He added: “Extreme alterations to reduce drag are clearly against the spirit and threaten the integrity of what is supposed to be a predominantly athletic competition.”

However, he added: “As to whether it resolves the issue, I'd suggest it’s a valiant attempt but doesn't prevent someone from setting up a website and offering their contraptions for sale at unattractive prices.”

National Secretary (legal and corporate) of the CTT, Nick Sharpe told us: “We are trying to create a level playing field with the minimum amount of regulations. Time trialling is an amateur sport and we don’t want to enforce staunch regulations like the UCI.”

He added in relation to amendments to 14 (h): “We are just trying to make the sport safer for everybody.”

The new amendments have been greeted with criticism. This rule would outlaw innovation from riders who attempted to follow in the footsteps of cyclists such as Gareme Obree, who created his hour record breaking bike using washing machine parts.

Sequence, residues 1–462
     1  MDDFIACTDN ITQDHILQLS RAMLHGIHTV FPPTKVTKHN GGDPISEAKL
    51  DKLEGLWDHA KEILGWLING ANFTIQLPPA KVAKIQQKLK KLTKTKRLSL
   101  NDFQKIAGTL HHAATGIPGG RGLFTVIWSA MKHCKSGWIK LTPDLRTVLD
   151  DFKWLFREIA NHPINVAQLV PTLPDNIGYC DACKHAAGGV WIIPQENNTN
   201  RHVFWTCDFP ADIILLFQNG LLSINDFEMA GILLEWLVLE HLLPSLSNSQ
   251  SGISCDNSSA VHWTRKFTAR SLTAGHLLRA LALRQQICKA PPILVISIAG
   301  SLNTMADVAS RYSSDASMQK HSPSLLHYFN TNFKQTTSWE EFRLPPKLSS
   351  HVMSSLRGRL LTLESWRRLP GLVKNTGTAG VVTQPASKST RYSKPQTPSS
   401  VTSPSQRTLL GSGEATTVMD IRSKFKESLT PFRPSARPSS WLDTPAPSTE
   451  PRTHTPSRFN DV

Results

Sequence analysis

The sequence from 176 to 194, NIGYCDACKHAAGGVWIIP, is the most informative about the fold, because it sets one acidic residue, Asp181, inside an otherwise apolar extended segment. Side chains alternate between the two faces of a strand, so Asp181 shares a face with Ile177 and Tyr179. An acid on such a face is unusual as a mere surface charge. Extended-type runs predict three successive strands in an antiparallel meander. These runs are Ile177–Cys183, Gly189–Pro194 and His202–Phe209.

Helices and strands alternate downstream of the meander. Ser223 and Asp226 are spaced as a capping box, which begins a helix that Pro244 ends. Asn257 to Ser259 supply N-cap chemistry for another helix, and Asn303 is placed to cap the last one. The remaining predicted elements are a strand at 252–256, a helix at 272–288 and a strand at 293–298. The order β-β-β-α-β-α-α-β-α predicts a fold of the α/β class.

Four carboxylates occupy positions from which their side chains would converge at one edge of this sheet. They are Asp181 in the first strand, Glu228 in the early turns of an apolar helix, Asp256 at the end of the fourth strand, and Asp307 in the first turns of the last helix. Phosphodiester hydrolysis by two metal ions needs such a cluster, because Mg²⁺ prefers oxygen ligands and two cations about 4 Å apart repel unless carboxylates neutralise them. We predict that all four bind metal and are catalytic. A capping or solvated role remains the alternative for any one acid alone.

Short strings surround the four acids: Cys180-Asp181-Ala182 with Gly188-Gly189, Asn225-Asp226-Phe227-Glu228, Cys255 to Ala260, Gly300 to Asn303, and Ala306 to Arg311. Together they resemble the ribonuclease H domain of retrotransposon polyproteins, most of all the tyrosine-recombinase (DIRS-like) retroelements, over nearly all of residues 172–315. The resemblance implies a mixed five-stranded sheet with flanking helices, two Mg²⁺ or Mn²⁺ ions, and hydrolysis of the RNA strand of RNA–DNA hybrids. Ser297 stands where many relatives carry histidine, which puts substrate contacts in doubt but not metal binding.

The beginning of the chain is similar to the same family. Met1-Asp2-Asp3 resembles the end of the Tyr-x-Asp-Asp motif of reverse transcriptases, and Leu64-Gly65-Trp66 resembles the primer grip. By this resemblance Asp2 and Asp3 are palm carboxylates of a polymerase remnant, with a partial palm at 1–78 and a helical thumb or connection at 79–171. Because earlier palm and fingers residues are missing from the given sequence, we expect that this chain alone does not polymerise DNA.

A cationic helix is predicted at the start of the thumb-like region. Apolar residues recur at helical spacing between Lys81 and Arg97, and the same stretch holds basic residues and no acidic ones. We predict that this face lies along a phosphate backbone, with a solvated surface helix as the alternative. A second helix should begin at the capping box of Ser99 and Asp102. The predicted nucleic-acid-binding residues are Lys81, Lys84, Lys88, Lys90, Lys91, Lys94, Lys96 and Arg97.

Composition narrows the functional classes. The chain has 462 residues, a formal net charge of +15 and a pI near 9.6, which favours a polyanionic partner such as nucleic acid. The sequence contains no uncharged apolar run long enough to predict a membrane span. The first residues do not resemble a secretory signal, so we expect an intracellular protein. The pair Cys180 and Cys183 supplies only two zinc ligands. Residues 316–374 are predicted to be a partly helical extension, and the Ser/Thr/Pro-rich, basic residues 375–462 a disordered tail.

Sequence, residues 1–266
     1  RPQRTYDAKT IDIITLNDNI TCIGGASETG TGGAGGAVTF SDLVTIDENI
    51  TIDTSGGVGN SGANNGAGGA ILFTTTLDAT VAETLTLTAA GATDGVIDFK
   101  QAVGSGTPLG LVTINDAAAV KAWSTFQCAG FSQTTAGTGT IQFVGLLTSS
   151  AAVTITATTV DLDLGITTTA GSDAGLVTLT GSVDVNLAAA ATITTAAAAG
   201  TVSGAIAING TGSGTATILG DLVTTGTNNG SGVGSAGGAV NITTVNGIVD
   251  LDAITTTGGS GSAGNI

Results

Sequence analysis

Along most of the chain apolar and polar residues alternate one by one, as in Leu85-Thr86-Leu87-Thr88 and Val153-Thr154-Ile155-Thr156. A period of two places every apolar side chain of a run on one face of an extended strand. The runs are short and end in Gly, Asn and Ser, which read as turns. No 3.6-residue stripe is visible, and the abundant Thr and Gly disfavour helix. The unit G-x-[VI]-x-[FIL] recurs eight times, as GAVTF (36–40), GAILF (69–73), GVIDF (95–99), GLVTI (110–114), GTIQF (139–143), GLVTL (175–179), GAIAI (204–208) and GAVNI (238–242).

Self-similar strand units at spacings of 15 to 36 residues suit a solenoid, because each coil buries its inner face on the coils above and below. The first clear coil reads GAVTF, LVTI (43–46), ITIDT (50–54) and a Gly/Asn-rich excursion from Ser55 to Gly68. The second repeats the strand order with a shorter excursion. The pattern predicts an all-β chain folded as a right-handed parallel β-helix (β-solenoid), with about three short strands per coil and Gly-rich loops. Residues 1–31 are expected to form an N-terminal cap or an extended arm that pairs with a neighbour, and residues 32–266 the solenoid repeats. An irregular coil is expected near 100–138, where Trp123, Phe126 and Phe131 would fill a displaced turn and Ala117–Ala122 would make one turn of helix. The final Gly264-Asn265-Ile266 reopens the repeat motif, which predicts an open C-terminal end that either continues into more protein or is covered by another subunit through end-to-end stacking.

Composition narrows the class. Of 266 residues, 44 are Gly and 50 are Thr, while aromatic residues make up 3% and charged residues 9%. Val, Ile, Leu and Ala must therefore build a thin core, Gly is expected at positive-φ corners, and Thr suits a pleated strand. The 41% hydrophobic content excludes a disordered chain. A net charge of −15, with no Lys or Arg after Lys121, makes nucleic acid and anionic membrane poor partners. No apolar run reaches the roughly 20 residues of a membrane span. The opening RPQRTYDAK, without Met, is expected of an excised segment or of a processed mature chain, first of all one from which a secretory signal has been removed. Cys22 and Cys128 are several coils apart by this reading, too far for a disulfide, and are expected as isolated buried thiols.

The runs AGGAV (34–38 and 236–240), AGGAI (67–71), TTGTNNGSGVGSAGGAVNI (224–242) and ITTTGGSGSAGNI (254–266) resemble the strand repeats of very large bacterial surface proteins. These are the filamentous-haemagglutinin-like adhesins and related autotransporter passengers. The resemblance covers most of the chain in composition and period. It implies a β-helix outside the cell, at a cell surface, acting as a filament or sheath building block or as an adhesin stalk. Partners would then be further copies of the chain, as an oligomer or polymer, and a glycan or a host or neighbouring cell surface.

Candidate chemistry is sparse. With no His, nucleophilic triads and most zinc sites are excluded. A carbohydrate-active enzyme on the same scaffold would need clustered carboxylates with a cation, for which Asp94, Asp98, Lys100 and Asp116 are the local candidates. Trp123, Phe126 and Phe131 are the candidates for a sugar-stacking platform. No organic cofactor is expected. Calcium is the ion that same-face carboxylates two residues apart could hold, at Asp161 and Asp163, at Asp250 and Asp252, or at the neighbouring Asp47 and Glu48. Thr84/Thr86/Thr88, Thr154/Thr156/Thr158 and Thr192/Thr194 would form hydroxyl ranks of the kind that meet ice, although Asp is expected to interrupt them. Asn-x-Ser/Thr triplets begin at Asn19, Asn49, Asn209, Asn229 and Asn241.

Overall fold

Bryce Dyer is a time trialist and product design lecturer who specialises in design and ethical use of technology in sport. Responding to the question of the amendments supporting fair racing on the timetriallingforum.co.uk he said: “With respect to technology in sport there is no such thing as a 'level playing field'... it cannot exist outside of 'one design' sports such as some sailing classes.”

With some riders able to spend upwards of £5k on their race winning bike, whilst others make do with lesser machines, cycling time trials are far from ‘one design’ events and it’s arguable that the field will never be flat.

Dyer has made modifications to his own bike, but said: “I don't think it would be policed any better than any other rule they have as the CTT relies on us to police ourselves which is about as robust as asking Lance Armstrong and Jan Ullrich to look after cycling’s anti-doping policy.”